Officially it's ECMAScript 2015 Language
Officially, the name is "ECMAScript 2015 Language" and it's the 6th Edition of the ECMA-262 standard. The specification mentions neither ES6 or ES2015, though they are handy abbreviations. Before deciding which name to use, let's inspect the release process a little closer.
Including the year in the specification name signifies a change to the release process. Previous versions have been gigantic and have been released many years apart. ES6 is the last big release, and future versions will be smaller, and they will be released more frequently.
So far, the trend has been to release a new version each year. In 2016, a year after the previous release, the 7th edition of ECMAScript was released. It contained two new language features.
New features in JS engines before in ECMAScript standard
A new language feature goes through many phases before being included in the specification. It grows from an idea into a commented proposal and into accepted language feature. Periodically, the committee responsible for the ECMAScript specification collects accepted language features and writes an updated edition of the ECMAScript specification.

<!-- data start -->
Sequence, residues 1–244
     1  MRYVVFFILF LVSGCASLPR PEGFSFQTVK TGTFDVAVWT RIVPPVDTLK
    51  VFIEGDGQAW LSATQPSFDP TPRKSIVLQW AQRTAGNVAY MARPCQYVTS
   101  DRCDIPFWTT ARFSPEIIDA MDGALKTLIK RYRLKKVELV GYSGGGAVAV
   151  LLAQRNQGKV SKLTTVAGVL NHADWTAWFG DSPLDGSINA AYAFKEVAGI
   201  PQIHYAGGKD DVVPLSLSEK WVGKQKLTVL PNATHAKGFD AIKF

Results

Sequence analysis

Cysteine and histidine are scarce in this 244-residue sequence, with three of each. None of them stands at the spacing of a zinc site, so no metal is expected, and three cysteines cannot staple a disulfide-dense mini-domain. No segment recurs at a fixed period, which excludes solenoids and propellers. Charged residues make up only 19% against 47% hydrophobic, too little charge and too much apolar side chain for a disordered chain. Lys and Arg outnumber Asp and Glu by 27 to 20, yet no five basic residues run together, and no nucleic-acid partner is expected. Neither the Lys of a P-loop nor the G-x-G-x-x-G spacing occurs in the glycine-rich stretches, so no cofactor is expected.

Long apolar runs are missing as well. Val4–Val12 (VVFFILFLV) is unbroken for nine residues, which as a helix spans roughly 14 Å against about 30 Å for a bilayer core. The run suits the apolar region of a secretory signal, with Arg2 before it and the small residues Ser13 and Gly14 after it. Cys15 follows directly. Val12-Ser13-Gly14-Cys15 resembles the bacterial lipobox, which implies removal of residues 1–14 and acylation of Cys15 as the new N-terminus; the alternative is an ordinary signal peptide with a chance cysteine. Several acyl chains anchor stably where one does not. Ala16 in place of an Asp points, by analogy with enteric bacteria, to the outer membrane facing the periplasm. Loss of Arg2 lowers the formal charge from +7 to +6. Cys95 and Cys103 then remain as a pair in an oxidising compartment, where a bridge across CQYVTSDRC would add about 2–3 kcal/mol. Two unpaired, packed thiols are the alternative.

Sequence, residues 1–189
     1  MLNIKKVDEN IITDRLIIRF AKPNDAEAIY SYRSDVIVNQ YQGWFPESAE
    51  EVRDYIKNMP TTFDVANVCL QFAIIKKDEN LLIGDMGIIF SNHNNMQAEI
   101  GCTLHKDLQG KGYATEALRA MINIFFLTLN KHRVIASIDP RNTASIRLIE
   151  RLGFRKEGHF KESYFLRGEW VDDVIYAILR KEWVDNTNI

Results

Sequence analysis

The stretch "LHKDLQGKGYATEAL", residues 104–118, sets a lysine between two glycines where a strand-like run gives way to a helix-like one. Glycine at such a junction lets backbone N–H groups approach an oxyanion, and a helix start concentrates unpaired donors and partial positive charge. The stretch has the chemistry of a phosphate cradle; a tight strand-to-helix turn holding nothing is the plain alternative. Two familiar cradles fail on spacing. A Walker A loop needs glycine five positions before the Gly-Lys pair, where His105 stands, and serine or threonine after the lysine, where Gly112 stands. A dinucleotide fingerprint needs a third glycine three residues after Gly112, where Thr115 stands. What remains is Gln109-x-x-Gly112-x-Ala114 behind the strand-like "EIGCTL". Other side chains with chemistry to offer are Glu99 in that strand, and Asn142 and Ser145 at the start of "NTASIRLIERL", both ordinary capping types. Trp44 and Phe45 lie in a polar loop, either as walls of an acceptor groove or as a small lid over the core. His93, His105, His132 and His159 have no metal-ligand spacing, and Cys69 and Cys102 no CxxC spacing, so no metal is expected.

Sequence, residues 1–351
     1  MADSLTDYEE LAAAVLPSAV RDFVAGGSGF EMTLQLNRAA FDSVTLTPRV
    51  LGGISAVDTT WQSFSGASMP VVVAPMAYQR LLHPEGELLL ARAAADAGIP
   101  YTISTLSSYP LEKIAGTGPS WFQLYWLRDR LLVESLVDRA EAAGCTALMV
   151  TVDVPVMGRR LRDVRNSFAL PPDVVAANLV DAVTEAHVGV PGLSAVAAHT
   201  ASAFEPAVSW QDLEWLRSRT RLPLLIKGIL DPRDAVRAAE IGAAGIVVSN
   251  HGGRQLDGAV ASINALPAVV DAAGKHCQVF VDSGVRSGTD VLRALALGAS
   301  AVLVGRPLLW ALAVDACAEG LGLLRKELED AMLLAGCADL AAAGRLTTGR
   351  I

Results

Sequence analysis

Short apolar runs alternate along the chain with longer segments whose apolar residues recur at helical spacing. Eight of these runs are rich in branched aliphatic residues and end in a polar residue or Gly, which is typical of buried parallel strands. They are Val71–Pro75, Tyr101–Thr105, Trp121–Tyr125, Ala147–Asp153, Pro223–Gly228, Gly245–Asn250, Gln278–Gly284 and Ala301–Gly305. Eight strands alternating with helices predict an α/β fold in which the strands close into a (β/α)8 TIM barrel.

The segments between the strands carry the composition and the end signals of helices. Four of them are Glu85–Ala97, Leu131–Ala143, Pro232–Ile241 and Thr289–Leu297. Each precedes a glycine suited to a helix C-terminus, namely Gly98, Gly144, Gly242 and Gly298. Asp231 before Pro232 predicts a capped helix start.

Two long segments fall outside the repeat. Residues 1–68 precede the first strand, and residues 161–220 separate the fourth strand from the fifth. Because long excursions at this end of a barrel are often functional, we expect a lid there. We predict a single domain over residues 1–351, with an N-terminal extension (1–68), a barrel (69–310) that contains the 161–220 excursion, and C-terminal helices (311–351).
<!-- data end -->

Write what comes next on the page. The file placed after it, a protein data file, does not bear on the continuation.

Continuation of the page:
In the last stage before feature being accepted into the language, the committee requires that two shipping VMs exist that implement the feature. This means that Chrome and Firefox can implement a language feature before it's included in an official ECMAScript specification.
The implementation first approach means that you will be checking if a JS engine supports a specific language feature instead of supporting a specific ECMAScript version. The situation is similar to CSS and HTML today. Instead of checking for CSS version, you check if @font-face works in your choice of browsers.
What name to use?
You should talk about
- use ES6 to refer to "ECMAScript 2015 Language" (arrow functions, template strings, Promises), it's shorter than ES2015 and both are unofficial, ES6 was the last big release and the name is in line with the previous big release ES5, things change after that
- after ES6, use names of language features, such as "Array.prorotype.includes" and "Async Functions", the specification is only updated after working implementations exist in JS engines, check TC39 Finished Proposals for a list of features to be included in the next specification
- for historically referring one year's updates to the ECMAScript specification use ES[year]
to get lost with Node.js